The odd thing to me is that Mormons are the ones pushing this so hard. But maybe they figure that they should get polygamy laws liberalized before gays can get married. I'd be pretty bitter about that if I were a Mormon.

I hope someone who says "I tend to think we shouldn't hold politicians to high standards of exactitude when they do interviews on MTV" would show the same deference to Sarah Palin when she's using "First Amendment" as a general reference to free speech in an interview about media attacks, or when she's telling a 3rd grader that the President of the Senate is "in charge" of the Senate.
11.3.2008 8:42pm
wooga:
wt,
You can parse the difference by saying:
"Obama finds gay marriage a moral abomination."
"Obama does not think the state should ban said immoral behavior."

Obama cannot openly say this, since he might alienate his base of statist moral relativists. Which is odd, since Obama has already confirmed that he is a statist moral relativist (i.e, "the definition of sin is being out of alignment with my [Obama's] values").

Of course, I think Obama is just lying about his opposition to gay marriage, for purely political purposes. Just like the NAFTA situation. Hopenchange!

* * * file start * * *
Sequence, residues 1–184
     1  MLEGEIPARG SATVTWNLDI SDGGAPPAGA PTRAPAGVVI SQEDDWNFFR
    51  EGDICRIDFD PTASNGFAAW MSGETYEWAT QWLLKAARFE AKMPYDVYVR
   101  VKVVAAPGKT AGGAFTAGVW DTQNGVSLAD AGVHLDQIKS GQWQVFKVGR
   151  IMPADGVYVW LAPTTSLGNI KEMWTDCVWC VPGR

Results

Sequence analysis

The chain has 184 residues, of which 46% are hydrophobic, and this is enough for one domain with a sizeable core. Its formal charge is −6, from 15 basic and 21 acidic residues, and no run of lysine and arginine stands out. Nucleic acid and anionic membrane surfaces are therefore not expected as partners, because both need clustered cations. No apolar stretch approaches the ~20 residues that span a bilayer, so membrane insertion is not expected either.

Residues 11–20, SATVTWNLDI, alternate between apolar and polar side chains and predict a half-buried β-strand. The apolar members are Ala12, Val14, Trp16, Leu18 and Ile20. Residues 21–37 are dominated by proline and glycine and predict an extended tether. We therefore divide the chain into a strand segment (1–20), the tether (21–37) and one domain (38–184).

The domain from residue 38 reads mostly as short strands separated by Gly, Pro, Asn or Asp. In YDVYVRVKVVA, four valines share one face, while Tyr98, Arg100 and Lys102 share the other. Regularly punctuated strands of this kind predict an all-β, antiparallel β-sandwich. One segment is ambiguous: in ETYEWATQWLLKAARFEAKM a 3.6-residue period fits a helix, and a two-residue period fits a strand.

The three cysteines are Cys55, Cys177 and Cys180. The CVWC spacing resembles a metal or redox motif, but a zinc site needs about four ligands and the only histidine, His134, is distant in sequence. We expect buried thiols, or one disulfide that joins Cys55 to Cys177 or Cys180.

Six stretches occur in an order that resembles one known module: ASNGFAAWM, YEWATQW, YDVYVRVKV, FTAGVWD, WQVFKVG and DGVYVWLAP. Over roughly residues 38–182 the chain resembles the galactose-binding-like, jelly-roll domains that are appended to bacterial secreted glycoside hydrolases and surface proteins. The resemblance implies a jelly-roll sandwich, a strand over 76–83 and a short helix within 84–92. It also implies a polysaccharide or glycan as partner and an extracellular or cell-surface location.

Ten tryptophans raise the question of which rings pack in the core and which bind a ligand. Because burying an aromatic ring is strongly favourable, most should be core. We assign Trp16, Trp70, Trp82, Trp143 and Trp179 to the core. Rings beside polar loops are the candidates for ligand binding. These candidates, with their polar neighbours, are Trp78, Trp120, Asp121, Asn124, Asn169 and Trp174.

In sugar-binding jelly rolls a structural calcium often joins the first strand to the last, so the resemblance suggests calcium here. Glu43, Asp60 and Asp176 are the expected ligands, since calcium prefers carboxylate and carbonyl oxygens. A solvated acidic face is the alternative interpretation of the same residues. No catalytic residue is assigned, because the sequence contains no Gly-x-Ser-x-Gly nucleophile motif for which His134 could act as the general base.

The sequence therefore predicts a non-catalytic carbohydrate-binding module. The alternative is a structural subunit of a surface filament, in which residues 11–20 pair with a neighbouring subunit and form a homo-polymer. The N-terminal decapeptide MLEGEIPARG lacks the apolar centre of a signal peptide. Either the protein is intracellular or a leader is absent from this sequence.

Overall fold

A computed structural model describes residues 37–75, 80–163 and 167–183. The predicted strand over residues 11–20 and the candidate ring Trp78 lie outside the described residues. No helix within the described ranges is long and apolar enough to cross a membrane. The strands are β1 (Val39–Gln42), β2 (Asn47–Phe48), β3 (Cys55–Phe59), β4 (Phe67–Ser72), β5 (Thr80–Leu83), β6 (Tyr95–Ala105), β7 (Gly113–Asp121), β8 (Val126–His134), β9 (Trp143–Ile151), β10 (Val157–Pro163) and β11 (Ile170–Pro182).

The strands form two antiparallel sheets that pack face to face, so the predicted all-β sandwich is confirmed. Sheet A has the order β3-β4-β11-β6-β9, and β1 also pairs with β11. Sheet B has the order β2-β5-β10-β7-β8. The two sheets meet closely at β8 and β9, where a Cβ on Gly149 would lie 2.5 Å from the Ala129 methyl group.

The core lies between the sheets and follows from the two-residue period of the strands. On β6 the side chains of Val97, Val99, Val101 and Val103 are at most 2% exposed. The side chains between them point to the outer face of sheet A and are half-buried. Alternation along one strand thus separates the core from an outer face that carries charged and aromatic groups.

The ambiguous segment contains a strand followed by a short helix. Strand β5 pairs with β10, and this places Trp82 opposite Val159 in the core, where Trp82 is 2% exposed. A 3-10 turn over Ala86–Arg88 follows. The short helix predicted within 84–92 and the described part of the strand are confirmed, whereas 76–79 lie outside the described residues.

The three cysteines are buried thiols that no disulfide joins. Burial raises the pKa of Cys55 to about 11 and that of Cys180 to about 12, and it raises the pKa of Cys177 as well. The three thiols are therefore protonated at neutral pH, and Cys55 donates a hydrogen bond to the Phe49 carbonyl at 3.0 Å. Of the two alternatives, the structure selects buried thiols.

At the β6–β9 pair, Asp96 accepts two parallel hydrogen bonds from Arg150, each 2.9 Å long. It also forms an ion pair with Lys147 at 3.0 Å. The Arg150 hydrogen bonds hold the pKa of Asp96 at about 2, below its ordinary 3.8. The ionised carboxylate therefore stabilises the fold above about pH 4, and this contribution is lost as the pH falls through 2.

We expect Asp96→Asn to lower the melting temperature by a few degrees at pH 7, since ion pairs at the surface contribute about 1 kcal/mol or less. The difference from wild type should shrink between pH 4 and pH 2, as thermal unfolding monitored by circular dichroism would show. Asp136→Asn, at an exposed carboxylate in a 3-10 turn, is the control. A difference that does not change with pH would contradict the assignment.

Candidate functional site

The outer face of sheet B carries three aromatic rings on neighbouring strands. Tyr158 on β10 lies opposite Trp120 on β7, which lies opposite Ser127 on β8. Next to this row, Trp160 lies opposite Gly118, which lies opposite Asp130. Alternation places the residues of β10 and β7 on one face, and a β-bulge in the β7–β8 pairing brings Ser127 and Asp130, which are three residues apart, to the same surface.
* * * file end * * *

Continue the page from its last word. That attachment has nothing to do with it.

11.3.2008 8:43pm
Smokey:
No one is denying the right of gays to get married. And no one ever has.

Anyone, regardless of their sexual orientation, has the same right to marry a member of the opposite sex.

We're all equal.
11.3.2008 8:45pm
Dave N (mail):
hope someone who says "I tend to think we shouldn't hold politicians to high standards of exactitude when they do interviews on MTV" would show the same deference to Sarah Palin when she's using "First Amendment" as a general reference to free speech in an interview about media attacks, or when she's telling a 3rd grader that the President of the Senate is "in charge" of the Senate.
Particularly when the former taught Constitutional law at a top 10 law school and the latter isn't even an attorney.
11.3.2008 8:46pm
Confused One:
Amen, Smokey, just like no one ever denied the ability of blacks to marry--they were free to marry someone of their own race, just like whites.

Equal rights.
11.3.2008 8:52pm
Dan M.:
Well, I guess Obama could be anti-gay marriage. Sometimes I forget that being a Democrat doesn't preclude you from being a bigot like us Republicans.
11.3.2008 8:57pm
Charles Chapman (mail) (www):
(Actually, I don't think he really is against gay marriage but that he's saying so for political reasons, which makes him a politician.)
I'm not so sure. The New York Times recently reported:
Several gay friends and wealthy gay donors to Senator Barack Obama have asked him over the years why, as a matter of logic and fairness, he opposes same-sex marriage even though he has condemned old miscegenation laws that would have barred his black father from marrying his white mother.